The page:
Navy sends Canadian chef to S. Korea to teach MWR cooks ‘tricks of the trade’
October 9, 2007
SEOUL — A civilian chef who volunteers to help ship-based U.S. Navy cooks improve their fare spent about 20 days in South Korea doing something he’s never done before — work on shore.
Paul Savarese, director of the Navy’s regional Morale, Welfare and Recreation program in South Korea, said Canadian chef Trevor Hamilton was brought here to pass along some “tricks of the trade” to chefs at the MWR-run Turtle Cove club at Chinhae Naval Base and the popular Navy Club on the U.S. Army’s Yongsan Garrison in Seoul.
Savarese, who recently took over operations in South Korea, wanted to improve the overall service. He said he planned to introduce a new menu at the Navy Club on Yongsan with a staff of South Korean cooks preparing U.S. dishes of the sort featured at a Chili’s or a T.G.I. Friday’s.
Hamilton spent 10 days in Seoul with the Navy Club staff, five days with the sailor’s galley at Chinhae, and five more days with the Turtle Cove staff on the Navy base, Savarese said.
The Navy paid to transport, house and feed Hamilton, but he volunteered his services.
Savarese said the biggest initial challenge was translation between the chef and the Korean cooks. But they quickly figured out that language for knives and mixing bowls is universal and were able to communicate via hands-on lessons.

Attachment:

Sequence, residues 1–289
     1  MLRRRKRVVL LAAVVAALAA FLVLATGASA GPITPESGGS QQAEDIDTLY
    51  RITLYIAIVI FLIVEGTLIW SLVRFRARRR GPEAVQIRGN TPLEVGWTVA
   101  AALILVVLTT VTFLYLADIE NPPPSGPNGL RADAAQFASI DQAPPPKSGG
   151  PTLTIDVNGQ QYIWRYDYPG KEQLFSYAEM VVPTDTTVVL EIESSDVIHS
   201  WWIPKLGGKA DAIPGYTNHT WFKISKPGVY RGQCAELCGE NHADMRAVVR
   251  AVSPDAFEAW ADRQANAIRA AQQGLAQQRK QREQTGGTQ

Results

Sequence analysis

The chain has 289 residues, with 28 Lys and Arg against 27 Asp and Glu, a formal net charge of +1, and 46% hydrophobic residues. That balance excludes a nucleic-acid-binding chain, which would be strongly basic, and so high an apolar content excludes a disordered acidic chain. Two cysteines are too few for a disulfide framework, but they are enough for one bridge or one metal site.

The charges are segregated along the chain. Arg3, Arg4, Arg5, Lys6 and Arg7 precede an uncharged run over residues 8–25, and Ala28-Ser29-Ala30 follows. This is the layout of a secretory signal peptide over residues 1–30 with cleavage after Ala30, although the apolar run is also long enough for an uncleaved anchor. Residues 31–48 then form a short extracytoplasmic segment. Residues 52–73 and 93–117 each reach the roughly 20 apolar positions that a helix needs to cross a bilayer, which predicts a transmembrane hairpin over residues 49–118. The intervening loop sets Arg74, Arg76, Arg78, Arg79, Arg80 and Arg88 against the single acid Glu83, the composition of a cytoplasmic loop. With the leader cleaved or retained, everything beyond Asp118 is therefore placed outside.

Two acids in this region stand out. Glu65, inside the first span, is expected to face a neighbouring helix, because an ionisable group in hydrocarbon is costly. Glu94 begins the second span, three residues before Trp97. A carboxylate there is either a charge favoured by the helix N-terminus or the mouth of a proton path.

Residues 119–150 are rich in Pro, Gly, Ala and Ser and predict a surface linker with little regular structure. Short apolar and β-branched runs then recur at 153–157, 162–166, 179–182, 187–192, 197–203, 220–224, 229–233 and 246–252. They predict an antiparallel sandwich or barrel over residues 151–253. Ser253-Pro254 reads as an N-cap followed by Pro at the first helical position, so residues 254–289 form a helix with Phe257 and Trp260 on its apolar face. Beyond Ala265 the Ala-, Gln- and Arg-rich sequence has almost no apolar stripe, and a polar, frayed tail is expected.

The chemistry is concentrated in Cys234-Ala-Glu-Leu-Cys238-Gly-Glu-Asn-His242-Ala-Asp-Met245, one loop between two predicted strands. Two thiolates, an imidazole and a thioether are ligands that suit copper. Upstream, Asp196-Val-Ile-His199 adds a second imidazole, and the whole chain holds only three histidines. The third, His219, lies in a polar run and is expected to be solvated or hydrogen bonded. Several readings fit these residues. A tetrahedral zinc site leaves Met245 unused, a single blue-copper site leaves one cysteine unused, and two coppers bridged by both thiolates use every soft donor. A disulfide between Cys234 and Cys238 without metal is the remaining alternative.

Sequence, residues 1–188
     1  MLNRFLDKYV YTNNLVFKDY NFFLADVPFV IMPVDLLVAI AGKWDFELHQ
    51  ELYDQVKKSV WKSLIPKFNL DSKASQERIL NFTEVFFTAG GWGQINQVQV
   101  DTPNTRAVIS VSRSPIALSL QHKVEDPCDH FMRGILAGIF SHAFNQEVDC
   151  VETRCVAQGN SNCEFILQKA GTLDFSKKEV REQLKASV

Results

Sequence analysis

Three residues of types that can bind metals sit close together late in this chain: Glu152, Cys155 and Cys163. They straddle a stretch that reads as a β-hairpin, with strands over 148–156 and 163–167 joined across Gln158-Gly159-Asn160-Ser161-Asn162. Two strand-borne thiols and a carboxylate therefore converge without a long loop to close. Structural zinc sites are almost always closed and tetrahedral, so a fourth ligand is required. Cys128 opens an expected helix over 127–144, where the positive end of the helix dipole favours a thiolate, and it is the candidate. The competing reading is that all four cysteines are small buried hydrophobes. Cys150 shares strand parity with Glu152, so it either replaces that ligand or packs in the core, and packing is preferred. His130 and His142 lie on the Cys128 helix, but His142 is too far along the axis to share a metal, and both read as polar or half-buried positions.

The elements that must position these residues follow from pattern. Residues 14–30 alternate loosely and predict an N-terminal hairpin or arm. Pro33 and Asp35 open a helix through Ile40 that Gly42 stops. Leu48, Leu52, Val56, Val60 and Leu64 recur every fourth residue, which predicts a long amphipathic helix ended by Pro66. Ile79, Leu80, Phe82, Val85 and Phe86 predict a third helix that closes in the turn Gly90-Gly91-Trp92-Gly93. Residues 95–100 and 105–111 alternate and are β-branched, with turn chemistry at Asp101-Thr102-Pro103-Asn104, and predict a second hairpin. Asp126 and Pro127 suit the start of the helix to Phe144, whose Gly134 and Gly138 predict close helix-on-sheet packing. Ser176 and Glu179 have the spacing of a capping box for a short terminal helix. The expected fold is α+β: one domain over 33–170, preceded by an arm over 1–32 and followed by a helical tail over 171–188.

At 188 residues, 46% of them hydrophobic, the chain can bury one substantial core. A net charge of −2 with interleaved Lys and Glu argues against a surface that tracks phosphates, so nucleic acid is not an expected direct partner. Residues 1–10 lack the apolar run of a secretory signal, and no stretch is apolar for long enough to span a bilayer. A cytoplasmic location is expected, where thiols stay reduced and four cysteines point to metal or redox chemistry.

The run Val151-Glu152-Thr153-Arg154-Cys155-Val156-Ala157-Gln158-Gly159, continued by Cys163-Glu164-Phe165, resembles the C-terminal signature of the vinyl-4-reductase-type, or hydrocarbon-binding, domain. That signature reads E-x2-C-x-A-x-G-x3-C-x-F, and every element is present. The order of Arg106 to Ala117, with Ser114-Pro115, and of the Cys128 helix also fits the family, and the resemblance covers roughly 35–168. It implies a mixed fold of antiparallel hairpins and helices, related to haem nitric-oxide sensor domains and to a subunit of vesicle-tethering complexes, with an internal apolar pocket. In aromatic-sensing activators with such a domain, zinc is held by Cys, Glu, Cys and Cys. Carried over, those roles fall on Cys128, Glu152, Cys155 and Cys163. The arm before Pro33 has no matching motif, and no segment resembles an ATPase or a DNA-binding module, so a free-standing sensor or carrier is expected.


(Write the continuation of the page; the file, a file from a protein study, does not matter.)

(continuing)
Navy officials hoped the professional chef could help give the cooks “a little bit more skill and confidence,” Savarese said.
But he said that Hamilton wanted the Korean cooks to incorporate their ideas into the new menu, allowing them to add their own flair and cultural input.
“If I allow them to be creative and give their input on what they know about the Korean cuisine and add some of those spices to the American cuisine, it gets them excited,” Hamilton said in a Navy news release. “When they are excited about what they are doing, it makes for a better product.”
Savarese said that it was a bit of a challenge at first — the menu at the Navy club hadn’t been changed in six years.
“It was a good menu,” he said, but it was time for change. Sales data allowed him to look at least-popular items, making it “easy to know what to delete.”
The club introduced the menu on Sept. 19.
The changes weren’t drastic, Savarese said, but the goal was to create something user-friendly.
Changes include the all-day omelet, new salads, news soups, and two side dishes with each entree, among other additions.
He said the customer reaction “was a dream, but it was a challenge.”
The kitchen staff wasn’t quite prepared for the rush on the new items, but learned to adjust quickly.
Now, as the club works its way through the new offerings, Savarese is glad Hamilton was able to work his staff.
They’re a “little more savvy in the kitchen,” he said.